Count on The Guardian to print what should be the obvious - but is evidently something that a whole lot of people miss, judging from the growth in the "detox" industry. Those folks are just today's version of snake-oil peddlers.
And in contrast to the anti-GMO propagandists, people attending an event in New York City Wednesday night appear capable of rational thought:
Last night, about 450 people packed into New York City's Kaufman Center to hear a genetics professor and Monsanto's chief technology officer debate against researchers who are against the use of any genetic engineering technology. Among the audience members were writers for environmental magazines, a well-known biologist who had invented major genetic techniques, and Bill Nye the Science Guy. It was a sold-out show.
At this debate, and others put on by host Intelligence Squared U.S., the most fun part is that before the debate, and again after, audience members vote whether they're for or against the debate topic. Whichever side gains the most support wins. This time, one side had an unusually large win.
Before the debate, 30 percent of the audience said they were against genetically engineering crops, 32 percent said they were for it, and 38 percent were undecided. In the end, 31 percent were against—and 60 percent were for, a gain of 28 percentage points. The average wining margin in the last ten Intelligence Squared U.S. debates was around 18 percentage points.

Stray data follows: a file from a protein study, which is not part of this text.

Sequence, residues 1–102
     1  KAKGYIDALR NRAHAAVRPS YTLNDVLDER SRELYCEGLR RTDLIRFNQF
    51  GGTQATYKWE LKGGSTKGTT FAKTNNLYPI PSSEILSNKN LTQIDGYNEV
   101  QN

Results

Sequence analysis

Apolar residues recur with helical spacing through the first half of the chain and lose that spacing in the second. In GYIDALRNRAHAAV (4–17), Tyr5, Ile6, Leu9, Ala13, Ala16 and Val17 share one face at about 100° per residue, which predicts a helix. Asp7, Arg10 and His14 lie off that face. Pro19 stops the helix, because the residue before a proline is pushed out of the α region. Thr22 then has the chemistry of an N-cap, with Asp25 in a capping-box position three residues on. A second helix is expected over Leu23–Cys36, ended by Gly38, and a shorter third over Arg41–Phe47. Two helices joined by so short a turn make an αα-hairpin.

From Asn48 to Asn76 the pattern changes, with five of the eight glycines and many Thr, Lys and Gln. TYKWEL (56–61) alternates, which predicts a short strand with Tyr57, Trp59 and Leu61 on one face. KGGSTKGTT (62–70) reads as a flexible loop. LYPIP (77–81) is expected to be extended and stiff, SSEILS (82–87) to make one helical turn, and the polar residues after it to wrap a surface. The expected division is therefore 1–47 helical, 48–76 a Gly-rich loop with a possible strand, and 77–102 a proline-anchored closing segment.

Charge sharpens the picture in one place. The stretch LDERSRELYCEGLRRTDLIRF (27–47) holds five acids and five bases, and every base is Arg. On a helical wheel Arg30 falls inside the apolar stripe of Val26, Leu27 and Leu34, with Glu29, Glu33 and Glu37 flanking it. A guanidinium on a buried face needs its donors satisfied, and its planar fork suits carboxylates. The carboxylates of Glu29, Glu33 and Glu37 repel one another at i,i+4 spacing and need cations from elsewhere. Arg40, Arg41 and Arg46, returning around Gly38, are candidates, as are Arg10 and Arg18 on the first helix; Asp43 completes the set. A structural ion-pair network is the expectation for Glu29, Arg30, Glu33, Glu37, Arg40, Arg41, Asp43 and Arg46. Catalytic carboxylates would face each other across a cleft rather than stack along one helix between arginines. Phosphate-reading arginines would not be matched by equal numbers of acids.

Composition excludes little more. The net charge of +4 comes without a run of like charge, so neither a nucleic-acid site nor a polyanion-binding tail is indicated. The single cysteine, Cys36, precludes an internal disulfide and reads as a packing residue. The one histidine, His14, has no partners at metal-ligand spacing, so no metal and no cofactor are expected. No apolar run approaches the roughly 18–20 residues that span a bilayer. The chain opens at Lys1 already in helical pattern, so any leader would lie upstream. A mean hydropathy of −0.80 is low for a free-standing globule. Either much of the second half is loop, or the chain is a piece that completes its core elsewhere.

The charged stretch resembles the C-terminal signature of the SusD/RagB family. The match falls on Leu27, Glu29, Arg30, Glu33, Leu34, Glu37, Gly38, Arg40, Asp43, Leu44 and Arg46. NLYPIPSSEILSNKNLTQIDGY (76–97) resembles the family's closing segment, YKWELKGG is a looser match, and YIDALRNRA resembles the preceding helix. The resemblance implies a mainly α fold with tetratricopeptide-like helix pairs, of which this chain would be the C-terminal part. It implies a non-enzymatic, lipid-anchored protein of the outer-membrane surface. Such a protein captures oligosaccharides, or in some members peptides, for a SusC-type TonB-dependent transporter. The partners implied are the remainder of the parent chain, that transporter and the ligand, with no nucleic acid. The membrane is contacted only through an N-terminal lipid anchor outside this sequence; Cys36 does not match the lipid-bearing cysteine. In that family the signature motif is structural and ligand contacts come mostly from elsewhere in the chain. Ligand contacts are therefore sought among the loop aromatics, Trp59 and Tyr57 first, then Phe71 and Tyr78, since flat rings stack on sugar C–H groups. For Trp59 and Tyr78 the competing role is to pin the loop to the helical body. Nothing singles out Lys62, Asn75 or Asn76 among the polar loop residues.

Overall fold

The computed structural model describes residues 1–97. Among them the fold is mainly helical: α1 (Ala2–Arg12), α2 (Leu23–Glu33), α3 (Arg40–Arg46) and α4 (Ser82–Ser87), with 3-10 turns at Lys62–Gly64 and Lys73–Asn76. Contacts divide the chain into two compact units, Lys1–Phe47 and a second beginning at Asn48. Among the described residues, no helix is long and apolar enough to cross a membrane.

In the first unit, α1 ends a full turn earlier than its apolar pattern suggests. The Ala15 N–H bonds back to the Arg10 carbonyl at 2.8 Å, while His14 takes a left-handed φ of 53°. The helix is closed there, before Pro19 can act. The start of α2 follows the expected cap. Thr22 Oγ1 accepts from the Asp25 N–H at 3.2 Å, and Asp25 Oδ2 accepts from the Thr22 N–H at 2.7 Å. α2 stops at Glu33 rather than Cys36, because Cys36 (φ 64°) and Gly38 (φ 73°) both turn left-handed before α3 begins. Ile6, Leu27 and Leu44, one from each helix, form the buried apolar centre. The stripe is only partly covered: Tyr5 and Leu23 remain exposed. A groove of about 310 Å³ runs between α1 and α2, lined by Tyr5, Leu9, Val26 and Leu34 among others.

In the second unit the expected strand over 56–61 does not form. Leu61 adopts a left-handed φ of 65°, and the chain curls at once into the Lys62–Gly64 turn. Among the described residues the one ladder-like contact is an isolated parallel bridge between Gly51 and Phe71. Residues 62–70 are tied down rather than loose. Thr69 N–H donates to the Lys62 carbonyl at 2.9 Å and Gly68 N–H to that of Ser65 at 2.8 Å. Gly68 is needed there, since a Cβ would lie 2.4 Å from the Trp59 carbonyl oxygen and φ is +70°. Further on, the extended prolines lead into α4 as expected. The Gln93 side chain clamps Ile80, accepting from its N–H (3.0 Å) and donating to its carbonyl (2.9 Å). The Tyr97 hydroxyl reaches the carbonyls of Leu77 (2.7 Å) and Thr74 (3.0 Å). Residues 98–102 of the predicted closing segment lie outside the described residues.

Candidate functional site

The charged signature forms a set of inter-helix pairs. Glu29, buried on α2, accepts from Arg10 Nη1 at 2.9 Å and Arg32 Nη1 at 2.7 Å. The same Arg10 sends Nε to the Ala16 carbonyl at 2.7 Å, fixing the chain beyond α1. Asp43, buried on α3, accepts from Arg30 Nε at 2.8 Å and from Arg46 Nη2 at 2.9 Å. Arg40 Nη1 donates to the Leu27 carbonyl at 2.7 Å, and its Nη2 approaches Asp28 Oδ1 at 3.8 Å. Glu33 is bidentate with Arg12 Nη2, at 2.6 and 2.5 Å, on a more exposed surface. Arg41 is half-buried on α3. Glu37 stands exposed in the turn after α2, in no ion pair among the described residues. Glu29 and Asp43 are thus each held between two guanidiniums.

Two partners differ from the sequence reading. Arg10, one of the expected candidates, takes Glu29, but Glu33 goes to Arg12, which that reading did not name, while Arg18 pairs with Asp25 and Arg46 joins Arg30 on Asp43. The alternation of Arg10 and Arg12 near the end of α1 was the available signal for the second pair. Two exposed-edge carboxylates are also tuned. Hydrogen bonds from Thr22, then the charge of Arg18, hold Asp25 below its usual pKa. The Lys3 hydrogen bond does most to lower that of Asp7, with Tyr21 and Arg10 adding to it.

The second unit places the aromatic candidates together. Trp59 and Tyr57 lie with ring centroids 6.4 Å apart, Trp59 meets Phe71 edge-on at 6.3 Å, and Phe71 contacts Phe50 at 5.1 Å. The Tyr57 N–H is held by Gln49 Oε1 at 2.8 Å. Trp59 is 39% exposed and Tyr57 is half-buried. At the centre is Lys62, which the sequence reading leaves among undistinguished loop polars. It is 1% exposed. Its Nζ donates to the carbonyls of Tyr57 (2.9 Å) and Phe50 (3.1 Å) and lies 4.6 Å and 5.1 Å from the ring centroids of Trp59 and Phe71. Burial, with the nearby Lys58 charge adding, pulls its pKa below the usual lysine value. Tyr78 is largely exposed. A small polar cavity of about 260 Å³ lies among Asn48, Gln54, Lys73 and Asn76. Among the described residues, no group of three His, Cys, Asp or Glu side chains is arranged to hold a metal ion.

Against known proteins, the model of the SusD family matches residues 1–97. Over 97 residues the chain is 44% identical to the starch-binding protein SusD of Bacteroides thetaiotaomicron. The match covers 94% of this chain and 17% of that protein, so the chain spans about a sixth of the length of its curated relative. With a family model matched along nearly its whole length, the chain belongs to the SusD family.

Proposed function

Obviously, if you're agin GMO, you're gonna be agin 'em, and ain't nothing gonna change your mind. But you don't exactly wow the undecideds.
Speaking of indecision (and much to the dismay of the animal "rights" crowd) a new study by a "rights" group uncovered a startling detail: 84% of vegetarians resume eating meat.
Evidently, those photos of models sitting smugly next to piles of lettuce and radishes only take you so far.
“It’s obviously a negative for animals,” Che Green, executive director of the Humane Research Council, tells the Daily News.
The meaty stats come from the first comprehensive study of current and former vegetarians and vegans conducted by Green’s group and Harris Interactive.
They seem to go for two to four years, on average, before falling off the turnip truck.